|1||Gasoline, other fuels||$463.43 M|
|2||Civilian aircraft, parts||$111.82 M|
|3||Low value shipments||$40.9 M|
|5||Cell phones, related equipment||$25.78 M|
|6||Motor vehicle parts||$23.43 M|
|7||Petroleum gases, other gaseous hydrocarbons||$23.11 M|
|8||Medicines in individual dosages||$18.77 M|
|9||Rum, gin, vodka, other liquors||$17.88 M|
|10||Motor vehicles for transporting people||$13.9 M|
|1||Value added to a returned import||$29.21 M|
|2||Fish, fresh or chilled||$5.7 M|
|4||Misc. engines and motors, parts||$2.68 M|
|5||Scrap of precious metal||$2.06 M|
|6||Shrimp, other crustaceans||$1.87 M|
|7||Electric motors, generators, not sets||$1.82 M|
|8||Preparations for animal feeding||$1.26 M|
|9||Misc. plastic articles||$1.22 M|
|10||Fish fillets, chilled or frozen||$1.21 M|
Top Trading Ports
Total Trade: $1.21 billion
|1||Port of Pascagoula, Miss.||$193,484,521|
|2||Port of Houston||$169,731,769|
|3||Miami International Airport||$106,473,295|
|4||Seattle-Tacoma International Airport||$101,947,967|
|5||Port Everglades, Fla.||$100,549,823|
|7||Port of Beaumont, Texas||$71,582,397|
|8||Low-Valued Imports and Exports||$40,895,158|
|9||Port of New Orleans||$33,254,213|
|10||Port of Savannah, Ga.||$31,016,014|
U.S. trade with Panama rose to $1.21 billion through February
Panama’s trade with the United States rose to $1.21 billion through the first two months of 2019, according to a WorldCity analysis of latest U.S. Census Bureau data. That’s 21.3 percent above its total trade during the same time period last year. Panama’s exports increased 22.62 percent while imports rose 1.25 percent. The U.S. surplus with Panama was $1.09 billion.
Through February, the top five among the nation’s airports, seaports and border crossings were No. 1 Port of Pascagoula, Miss.; No. 2 Port of Houston; No. 3 Miami International Airport; No. 4 Seattle-Tacoma International Airport; and No. 5 Port Everglades, Fla.. During the same period the previous year, the top five were No. 1 Port of Pascagoula, Miss. No. 2 Port Everglades, Fla. No. 3 Miami International Airport No. 4 Port Miami and No. 5 Port of Houston. In the current time period, the top five accounted for 55.53 percent of Panama’s U.S. trade.
Among those top five:
- Trade with No. 1 Port of Pascagoula, Miss. rose 25.95 percent to $193.48 million.
Exports rose 25.95 percent to $193.48 million. There were no imports.
- Trade with No. 2 Port of Houston rose 87.13 percent to $169.73 million.
Exports rose 85.82 percent to $166.31 million. Imports rose 184.84 percent to $3.42 million.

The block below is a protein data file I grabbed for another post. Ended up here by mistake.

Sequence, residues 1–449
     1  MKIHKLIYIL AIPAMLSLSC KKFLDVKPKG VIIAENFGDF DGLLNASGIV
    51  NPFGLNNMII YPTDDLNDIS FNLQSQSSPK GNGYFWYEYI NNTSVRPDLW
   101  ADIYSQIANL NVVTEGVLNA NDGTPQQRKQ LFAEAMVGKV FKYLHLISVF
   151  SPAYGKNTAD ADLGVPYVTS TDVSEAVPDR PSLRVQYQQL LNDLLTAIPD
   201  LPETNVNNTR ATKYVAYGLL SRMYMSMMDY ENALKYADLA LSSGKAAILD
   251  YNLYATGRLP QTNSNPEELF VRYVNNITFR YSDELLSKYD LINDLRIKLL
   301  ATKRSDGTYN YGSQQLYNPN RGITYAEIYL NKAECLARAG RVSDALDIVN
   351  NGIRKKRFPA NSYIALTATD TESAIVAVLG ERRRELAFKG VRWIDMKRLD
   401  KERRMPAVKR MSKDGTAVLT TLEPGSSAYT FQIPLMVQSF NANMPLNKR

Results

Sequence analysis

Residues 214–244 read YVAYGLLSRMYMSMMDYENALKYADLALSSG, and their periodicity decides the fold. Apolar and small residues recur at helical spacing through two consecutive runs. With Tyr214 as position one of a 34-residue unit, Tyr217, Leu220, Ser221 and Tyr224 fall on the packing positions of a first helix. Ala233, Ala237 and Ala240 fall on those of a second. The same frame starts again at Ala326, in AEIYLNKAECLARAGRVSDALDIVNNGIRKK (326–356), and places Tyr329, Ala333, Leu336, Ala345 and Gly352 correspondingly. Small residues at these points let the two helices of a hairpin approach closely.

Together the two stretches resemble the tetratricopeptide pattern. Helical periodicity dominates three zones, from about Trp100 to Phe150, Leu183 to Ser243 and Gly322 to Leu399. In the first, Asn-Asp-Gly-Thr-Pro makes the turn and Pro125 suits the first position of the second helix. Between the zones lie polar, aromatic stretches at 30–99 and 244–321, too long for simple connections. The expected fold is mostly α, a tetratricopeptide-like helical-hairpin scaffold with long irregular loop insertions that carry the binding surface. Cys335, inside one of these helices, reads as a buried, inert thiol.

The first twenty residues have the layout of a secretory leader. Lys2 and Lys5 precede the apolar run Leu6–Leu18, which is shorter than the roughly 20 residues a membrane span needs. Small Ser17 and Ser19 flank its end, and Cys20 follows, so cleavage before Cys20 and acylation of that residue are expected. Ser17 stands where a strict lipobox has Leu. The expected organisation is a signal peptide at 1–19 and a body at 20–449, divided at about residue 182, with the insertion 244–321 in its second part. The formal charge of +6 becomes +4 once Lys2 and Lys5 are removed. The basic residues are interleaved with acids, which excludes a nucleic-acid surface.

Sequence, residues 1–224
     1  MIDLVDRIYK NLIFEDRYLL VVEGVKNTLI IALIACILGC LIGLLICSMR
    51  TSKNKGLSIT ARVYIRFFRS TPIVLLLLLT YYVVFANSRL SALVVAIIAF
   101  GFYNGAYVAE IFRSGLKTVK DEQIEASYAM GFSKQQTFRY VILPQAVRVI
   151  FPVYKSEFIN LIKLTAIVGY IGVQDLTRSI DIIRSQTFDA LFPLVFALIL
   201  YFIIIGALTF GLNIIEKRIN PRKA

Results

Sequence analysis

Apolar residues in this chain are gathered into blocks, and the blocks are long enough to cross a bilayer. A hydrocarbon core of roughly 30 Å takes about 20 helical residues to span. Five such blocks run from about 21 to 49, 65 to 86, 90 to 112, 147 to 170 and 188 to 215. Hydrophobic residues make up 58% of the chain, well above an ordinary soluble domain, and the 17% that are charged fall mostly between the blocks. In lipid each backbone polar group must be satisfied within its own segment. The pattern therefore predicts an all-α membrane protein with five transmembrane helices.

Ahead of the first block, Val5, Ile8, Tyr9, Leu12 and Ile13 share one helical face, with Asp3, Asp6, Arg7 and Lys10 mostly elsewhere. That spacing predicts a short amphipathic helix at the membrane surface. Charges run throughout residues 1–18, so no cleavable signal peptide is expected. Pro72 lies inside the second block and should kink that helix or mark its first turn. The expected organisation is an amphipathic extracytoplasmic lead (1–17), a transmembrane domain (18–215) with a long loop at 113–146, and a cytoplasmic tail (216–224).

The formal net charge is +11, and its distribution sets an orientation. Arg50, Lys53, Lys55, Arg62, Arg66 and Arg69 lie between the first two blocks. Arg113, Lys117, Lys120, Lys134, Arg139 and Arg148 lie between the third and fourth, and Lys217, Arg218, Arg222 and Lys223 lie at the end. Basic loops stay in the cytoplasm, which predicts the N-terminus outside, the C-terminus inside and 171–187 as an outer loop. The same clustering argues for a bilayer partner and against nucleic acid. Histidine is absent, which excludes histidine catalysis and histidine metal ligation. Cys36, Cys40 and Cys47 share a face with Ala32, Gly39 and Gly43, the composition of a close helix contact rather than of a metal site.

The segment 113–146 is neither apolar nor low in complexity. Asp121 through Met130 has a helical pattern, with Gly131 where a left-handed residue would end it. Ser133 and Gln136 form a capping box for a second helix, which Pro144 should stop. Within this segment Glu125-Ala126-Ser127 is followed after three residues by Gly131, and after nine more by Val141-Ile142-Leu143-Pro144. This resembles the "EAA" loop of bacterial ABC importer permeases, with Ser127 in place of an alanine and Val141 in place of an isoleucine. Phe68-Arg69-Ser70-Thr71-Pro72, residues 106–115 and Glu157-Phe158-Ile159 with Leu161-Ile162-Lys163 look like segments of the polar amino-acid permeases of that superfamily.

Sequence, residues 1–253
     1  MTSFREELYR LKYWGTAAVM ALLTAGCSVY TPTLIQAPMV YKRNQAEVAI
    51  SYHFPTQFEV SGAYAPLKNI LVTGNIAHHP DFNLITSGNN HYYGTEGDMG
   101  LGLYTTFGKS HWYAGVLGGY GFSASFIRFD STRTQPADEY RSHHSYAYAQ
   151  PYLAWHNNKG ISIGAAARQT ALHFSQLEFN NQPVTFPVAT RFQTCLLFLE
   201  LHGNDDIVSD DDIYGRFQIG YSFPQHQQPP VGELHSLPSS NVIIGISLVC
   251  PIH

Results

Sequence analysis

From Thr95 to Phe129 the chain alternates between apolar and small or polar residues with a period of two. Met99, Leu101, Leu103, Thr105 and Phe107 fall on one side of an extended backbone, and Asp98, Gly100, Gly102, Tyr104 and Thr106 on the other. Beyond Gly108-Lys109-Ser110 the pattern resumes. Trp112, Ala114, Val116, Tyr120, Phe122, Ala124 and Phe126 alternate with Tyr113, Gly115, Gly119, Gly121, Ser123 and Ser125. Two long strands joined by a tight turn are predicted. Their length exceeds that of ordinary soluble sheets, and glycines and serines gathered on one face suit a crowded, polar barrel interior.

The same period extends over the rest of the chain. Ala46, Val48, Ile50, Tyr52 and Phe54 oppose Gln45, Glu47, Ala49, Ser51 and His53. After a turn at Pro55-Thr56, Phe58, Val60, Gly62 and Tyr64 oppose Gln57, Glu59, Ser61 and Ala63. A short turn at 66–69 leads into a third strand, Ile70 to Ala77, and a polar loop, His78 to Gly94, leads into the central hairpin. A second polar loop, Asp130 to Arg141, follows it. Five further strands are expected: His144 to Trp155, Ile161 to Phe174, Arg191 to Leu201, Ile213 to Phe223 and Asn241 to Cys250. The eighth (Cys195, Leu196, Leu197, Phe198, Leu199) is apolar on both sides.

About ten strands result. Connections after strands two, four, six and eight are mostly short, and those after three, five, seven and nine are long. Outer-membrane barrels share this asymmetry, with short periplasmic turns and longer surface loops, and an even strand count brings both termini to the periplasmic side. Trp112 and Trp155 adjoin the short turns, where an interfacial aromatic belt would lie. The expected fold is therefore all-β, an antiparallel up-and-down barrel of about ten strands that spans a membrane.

- Trade with No. 3 Miami International Airport rose 5.54 percent to $106.47 million.
Exports rose 4.81 percent to $85.39 million. Imports rose 8.57 percent to $21.08 million.
- Trade with No. 4 Seattle-Tacoma International Airport rose 134.95 percent to $101.95 million.
Exports rose 134.95 percent to $101.95 million. There were no imports.
- Trade with No. 5 Port Everglades, Fla. fell 6.4 percent to $100.55 million.
Exports fell 6.74 percent to $97.23 million. Imports rose 4.43 percent to $3.32 million.
Panama ranked No. 51 among the United States’ top trade partners through the current period. In the same period one year ago, it ranked No. 57.
Meanwhile, total U.S. trade with the world increased to $650.55 billion, up 1.11 percent compared to the same period last year. The nation’s exports climbed 2.61 percent to $260.05 billion; imports climbed 0.14 percent to $390.5 billion. The nation’s top five countries so far this year, by value, are Mexico; Canada; China; Japan and Germany. The overall trade deficit was $130.45 billion, down compared to the same period of last year when the deficit was $136.53 billion.
The top five U.S. exports to Panama by value through February were the categories of Gasoline, other fuels; Civilian aircraft, parts; Low value shipments; Oil; and Cell phones, related equipment, respectively. They accounted for 58.7 percent of total exports to Panama.
The value of the top five categories of U.S. imports from Panama –– Value added to a returned import; Fish, fresh or chilled; Gold; Misc. engines and motors, parts; and Scrap of precious metal –– accounted for 69.11 percent of all inbound shipments.
Looking more closely at U.S. exports to Panama:
- Gasoline, other fuels rose 37.63 percent compared to last year to $463.43 million.
- Civilian aircraft, parts rose 102.29 percent compared to last year to $111.82 million.
- Low value shipments rose 20.74 percent compared to last year to $40.9 million.
- Oil totaled $31.86 million. The previous year, there were no exports in this category.
- Cell phones, related equipment rose 6.68 percent compared to last year to $25.78 million.
Looking more closely at U.S. imports from Panama:
- Value added to a returned import rose 18.13 percent compared to last year to $29.21 million.
- Fish, fresh or chilled fell 24.06 percent compared to last year to $5.7 million.
- Gold fell 10 percent compared to last year to $3.6 million.
- Misc. engines and motors, parts rose 201.77 percent compared to last year to $2.68 million.
- Scrap of precious metal fell 7.3 percent compared to last year to $2.06 million.
In the latest annual figures available, Panama recorded $6.89 billion in trade with the United States. At year’s end, its were Miami; Houston; Mobile; New Orleans; and Los Angeles. Total U.S. exports to Panama were $ 6.45 billion and imports from Panama were $442.43 million. The U.S. surplus with Panama was $6 billion.